Sarah Stitzlein’s new book, Learning How to Hope: Reviving Democracy through Schools and Civil Society uses Mikva Challenge’s Action Civics curricula as a case study to highlight how school-based curricula can “enable children to learn through democracy and enacting citizenship in the present, rather than just about democracy and their future citizenship post-graduation.”
Full abstract: Democracy is struggling in America. Citizens increasingly feel cynical about our system and doubt they can influence public policy. Distrustful of other Americans and elected officials, some are even turning to authoritarian alternatives. Hyperpartisanship and recent contentious presidential elections have deepened political despair. While some citizens get swept up in optimism during campaign cycles, they often later find themselves frustrated with elected leaders as they wait for change. This book seeks to revive democracy by teaching citizens how to hope. Hope animates life in a democracy, moving citizens forward through new challenges, new ideas, and new experiments. The form of hope described in this book is more than just a campaign slogan or a self-help program, it is an informed call to citizen engagement that opens new possibilities for our country. Drawing on examples from life in America today and pragmatist philosophy, this book explains how schools can cultivate hope through our habits and how action in our communities can sustain hope. It shows how we can build trust, grow political agency, and shape an improved American identity through hoping together. This book provides guidance for learning how to hope in schools, universities, and civil society. It describes what hope is, why it matters to democracy, and how to teach it.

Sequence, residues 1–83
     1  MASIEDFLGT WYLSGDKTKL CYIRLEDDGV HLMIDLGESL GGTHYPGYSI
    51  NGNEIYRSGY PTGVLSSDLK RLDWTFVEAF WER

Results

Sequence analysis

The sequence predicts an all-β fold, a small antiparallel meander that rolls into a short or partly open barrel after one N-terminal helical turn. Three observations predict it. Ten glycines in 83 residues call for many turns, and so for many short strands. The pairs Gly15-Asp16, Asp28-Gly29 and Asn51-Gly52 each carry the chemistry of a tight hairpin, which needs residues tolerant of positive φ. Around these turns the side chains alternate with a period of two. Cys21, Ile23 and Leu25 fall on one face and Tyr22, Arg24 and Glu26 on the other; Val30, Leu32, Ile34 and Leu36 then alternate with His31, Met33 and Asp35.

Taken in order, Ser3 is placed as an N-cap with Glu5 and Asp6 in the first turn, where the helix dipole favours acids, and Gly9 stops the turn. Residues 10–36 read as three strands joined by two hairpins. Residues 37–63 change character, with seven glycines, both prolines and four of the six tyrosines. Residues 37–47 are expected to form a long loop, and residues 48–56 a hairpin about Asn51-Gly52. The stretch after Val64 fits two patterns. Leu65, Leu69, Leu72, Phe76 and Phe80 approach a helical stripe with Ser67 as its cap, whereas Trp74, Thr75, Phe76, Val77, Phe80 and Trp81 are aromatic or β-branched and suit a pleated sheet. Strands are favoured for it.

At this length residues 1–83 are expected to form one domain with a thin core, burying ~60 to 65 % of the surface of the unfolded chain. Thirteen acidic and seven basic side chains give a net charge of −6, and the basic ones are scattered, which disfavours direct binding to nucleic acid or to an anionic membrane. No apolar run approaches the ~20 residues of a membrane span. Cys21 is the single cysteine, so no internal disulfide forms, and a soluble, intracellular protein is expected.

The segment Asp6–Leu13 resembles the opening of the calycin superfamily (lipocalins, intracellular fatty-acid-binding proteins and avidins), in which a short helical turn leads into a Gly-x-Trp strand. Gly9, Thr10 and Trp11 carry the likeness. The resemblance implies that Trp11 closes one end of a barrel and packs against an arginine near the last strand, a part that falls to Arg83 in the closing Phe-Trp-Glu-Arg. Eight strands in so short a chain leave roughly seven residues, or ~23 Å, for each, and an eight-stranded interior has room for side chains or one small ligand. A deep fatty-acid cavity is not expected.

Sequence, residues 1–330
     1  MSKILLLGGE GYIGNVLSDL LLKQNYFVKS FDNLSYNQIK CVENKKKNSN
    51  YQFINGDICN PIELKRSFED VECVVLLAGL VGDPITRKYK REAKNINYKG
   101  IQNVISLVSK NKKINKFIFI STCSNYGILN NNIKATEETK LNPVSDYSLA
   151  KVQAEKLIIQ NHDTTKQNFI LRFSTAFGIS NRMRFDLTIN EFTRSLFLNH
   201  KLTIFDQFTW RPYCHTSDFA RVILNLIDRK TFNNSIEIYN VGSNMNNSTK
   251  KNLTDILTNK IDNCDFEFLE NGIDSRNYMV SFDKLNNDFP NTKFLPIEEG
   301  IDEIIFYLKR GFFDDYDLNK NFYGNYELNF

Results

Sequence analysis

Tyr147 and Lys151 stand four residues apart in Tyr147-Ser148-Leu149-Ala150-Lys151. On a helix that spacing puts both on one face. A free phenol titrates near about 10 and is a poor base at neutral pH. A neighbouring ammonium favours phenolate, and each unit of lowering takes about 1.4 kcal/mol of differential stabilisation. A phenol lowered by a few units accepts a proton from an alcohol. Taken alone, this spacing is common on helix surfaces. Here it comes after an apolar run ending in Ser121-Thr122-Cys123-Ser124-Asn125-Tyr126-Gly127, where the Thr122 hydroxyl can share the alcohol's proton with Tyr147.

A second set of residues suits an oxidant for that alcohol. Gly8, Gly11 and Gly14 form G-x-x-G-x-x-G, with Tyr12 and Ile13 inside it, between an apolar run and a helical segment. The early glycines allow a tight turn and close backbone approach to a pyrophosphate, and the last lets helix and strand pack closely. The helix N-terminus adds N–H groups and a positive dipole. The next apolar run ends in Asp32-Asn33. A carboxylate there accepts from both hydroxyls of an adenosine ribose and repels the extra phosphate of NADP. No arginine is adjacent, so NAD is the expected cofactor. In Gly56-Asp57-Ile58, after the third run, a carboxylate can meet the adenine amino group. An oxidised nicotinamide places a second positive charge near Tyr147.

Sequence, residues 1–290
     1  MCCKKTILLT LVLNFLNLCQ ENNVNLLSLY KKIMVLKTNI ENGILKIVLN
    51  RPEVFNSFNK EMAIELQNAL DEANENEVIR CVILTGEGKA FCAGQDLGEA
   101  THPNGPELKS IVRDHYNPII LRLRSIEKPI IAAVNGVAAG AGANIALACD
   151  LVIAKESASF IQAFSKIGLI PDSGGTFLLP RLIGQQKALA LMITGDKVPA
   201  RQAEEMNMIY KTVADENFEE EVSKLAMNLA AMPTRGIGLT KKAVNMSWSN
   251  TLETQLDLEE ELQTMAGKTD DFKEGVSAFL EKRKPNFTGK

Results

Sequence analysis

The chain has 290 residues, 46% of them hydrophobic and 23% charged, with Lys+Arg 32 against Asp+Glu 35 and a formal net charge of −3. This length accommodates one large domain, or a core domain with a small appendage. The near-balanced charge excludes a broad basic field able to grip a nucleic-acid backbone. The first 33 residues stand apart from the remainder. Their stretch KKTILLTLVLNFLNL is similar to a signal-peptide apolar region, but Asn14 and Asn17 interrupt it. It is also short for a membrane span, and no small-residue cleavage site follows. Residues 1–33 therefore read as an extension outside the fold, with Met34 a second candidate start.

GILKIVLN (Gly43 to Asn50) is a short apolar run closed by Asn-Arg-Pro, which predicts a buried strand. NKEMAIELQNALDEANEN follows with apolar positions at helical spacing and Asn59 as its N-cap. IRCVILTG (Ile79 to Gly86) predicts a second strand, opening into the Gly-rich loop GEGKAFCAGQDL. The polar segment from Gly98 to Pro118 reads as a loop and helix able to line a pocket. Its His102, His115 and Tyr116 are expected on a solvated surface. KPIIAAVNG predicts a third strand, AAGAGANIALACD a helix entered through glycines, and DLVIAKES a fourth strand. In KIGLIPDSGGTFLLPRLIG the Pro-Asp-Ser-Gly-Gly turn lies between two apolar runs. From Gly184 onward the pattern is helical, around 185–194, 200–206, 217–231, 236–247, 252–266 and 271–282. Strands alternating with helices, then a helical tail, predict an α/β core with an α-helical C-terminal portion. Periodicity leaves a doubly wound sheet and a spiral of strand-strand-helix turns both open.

Find out more about Sarah Stitzlein’s new book, Learning How to Hope: Reviving Democracy through Schools and Civil Society.